GYLLENHAAL: I’m more Baskin-Robbins style myself.

PORTMAN: Oh really? I am so Carvel. Did I just bring us back to 1985 Long Island?

GYLLENHAAL: Who would you rather have dinner with, Barack Obama or Nicolas Sarkozy?

PORTMAN: Uh, Obama.

GYLLENHAAL: I read recently in this book about Barack Obama called Renegade that he and Michelle first kissed at a Baskin-Robbins.

PORTMAN: Maybe I should switch over from Carvel then. That might be enough to convince me.

GYLLENHAAL: What song best describes your current state?

PORTMAN: My current state . . . I’m trying to think of a song that feels like sleepwalking. [laughs] I don’t know. I’ve mostly been listening to dirty rap lately. That’s sort of my scene.

GYLLENHAAL: Your affection for dirty rap is something that people really don’t know about you, which I think is fascinating. You do incredible things for the world, and then you listen to just completely obscene hip-hop music.

PORTMAN: Really, really obscene hip-hop. I love it so much. It makes me laugh and then it makes me want to dance. Those are like my two favorite things, so combined . . . I’ve been listening a lot lately to “Wait (The Whisper Song)” by the Ying Yang Twins, where the lyrics are like, “Wait ’til you see my dick”—which is just amazing because it’s whispered. [whispers] “Wait ’til you see my dick . . . ” [laughs] Crazy. So I just listen to it like I’m a five-year-old, like, “Oh my god! I can’t believe he just said that!”

GYLLENHAAL: It’s interesting that you think the lyric “Wait ’til you see my dick” describes your current state. I think people are learning more about you right now then they ever have in an interview. I’m proud of that.

PORTMAN: [laughs] Well, you’re really good at getting out the dark secrets. But actually, as far as the more general state of things right now, I think it’s kind of an exciting time. I mean, everyone is cutting back. It’s happening in every industry—including our own. But I think that’s going to translate into a situation where people aren’t motivated by money as much as they have been in the recent past. A lot of my friends from college went into fields like banking for financial reasons—obviously people have school loans and things to pay off.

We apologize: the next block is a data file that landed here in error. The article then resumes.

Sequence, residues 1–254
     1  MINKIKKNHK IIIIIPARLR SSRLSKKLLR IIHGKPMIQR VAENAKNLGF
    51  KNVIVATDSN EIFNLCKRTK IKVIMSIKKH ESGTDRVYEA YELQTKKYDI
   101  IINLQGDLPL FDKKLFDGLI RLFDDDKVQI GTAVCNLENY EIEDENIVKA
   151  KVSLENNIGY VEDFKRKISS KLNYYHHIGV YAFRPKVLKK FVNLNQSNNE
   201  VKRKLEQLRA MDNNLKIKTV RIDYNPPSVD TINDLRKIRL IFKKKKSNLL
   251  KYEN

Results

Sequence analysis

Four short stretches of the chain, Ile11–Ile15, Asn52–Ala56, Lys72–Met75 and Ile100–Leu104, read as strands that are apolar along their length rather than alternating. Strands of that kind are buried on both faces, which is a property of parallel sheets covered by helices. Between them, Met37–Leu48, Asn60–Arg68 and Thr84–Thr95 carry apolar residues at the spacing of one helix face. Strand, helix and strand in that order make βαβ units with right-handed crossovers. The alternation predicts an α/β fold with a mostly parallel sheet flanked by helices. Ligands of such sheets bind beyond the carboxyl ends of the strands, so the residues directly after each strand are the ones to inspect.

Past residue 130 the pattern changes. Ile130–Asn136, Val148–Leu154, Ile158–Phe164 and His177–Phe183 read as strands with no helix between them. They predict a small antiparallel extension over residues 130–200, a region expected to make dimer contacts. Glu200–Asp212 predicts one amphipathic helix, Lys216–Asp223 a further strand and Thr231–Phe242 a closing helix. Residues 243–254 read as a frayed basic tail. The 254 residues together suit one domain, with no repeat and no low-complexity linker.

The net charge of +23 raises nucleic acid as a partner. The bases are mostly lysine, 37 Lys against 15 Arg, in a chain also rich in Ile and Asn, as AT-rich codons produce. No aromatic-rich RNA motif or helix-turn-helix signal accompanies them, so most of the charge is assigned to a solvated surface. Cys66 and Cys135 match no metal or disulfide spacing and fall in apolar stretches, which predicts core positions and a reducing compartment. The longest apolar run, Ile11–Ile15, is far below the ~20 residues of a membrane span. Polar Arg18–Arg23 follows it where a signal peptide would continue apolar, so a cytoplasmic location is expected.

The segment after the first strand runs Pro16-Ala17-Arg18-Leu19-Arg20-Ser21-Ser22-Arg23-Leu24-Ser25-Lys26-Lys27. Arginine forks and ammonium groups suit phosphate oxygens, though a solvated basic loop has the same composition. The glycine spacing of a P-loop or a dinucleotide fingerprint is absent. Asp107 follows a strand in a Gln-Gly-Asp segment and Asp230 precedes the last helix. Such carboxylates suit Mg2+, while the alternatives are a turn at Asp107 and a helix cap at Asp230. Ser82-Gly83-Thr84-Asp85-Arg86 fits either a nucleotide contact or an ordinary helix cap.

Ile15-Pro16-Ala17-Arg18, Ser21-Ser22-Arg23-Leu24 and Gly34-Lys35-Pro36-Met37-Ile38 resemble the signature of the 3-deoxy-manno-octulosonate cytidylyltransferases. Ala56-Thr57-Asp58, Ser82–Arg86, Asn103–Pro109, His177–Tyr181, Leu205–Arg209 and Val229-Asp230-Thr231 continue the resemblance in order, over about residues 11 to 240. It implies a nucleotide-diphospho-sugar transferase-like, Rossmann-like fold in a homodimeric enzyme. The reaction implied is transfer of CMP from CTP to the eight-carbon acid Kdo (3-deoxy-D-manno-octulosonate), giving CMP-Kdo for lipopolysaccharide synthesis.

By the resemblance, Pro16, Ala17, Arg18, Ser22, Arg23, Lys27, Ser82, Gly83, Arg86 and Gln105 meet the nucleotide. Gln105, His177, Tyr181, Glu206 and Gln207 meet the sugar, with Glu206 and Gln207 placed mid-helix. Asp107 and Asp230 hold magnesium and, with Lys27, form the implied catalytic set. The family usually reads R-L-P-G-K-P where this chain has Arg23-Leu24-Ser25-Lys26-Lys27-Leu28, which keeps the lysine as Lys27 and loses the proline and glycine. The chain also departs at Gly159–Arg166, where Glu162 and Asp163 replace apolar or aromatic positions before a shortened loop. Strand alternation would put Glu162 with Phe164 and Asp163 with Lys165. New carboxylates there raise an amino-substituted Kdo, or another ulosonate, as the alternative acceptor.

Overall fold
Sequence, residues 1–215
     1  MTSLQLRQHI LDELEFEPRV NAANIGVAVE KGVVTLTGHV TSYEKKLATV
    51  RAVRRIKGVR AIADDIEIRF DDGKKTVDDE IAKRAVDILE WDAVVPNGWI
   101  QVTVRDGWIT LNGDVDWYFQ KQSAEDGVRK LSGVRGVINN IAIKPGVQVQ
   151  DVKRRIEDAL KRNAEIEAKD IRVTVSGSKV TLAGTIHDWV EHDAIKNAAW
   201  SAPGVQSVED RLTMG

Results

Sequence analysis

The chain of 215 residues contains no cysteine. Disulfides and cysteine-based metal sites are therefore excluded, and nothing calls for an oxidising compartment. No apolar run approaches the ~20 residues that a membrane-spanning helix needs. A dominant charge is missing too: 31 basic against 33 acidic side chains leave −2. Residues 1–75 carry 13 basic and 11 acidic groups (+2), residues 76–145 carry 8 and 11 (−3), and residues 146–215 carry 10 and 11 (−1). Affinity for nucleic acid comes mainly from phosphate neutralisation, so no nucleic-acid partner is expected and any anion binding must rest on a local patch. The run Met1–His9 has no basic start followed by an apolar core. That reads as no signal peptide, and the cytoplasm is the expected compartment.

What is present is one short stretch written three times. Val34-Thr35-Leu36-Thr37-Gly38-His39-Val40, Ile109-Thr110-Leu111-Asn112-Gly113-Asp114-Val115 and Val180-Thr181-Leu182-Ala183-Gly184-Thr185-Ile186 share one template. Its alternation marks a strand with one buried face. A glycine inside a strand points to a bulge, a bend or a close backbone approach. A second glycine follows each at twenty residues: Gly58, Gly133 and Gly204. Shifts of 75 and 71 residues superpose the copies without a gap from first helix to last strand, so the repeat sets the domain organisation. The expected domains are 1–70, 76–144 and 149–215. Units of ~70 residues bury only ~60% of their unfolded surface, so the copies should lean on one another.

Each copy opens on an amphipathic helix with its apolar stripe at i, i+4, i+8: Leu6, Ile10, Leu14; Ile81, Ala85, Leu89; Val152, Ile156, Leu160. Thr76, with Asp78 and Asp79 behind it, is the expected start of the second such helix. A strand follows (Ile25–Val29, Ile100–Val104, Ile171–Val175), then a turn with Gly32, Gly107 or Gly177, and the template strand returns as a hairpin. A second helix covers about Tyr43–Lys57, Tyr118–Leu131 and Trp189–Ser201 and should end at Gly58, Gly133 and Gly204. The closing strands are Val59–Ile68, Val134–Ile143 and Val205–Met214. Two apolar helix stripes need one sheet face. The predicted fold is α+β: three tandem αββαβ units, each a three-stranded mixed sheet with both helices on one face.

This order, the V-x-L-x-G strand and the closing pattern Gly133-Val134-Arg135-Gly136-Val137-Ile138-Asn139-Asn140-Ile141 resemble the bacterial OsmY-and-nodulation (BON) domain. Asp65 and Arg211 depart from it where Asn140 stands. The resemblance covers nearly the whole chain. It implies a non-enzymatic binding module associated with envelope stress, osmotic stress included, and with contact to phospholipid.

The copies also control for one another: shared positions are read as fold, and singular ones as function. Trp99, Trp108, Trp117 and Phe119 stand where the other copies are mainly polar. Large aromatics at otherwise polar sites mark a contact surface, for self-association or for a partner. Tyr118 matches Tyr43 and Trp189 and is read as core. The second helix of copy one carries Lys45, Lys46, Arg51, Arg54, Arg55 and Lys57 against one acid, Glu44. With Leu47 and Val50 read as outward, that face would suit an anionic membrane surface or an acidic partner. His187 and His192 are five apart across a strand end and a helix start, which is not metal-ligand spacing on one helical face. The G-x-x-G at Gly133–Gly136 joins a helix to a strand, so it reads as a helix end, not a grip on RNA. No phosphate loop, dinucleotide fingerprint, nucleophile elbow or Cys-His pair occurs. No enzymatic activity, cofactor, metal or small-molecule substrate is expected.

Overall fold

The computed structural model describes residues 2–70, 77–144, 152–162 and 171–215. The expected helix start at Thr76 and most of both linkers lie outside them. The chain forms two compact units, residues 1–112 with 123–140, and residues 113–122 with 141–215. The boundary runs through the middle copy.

And now, all of a sudden, they’re doing jobs that they hate and they’re not making as much money as they thought they would or they’ve lost their jobs entirely. So I’ve started to see people looking more toward their own passions and what really excites them. Obviously it’s much easier to say that you’re going to follow your passions when you’re financially secure, but at least we can take solace in the fact that we now have the time to pursue the things that we really want to pursue because now the option of doing things just for the money isn’t necessarily there.

GYLLENHAAL: If you were out on the job market and had to put your skills down on a résumé, what would you write?

PORTMAN: As far as skills go . . . I don’t have that many skills.

GYLLENHAAL: Oh, come on!

PORTMAN: I’m serious. I really wish I could make something. I mean, you’re a really good cook, you know how to build things—you can make things with your hands. I can’t make anything . . . Well, I can make chitchat, but not much else. I mean, I’d basically have trouble with any job that doesn’t require me to wear silly clothes and talk in funny voices.

GYLLENHAAL: And so you’re an actor.

PORTMAN: And so I’m an actor.

GYLLENHAAL: There’s very good money in that—not a lot of skill required, but very good money.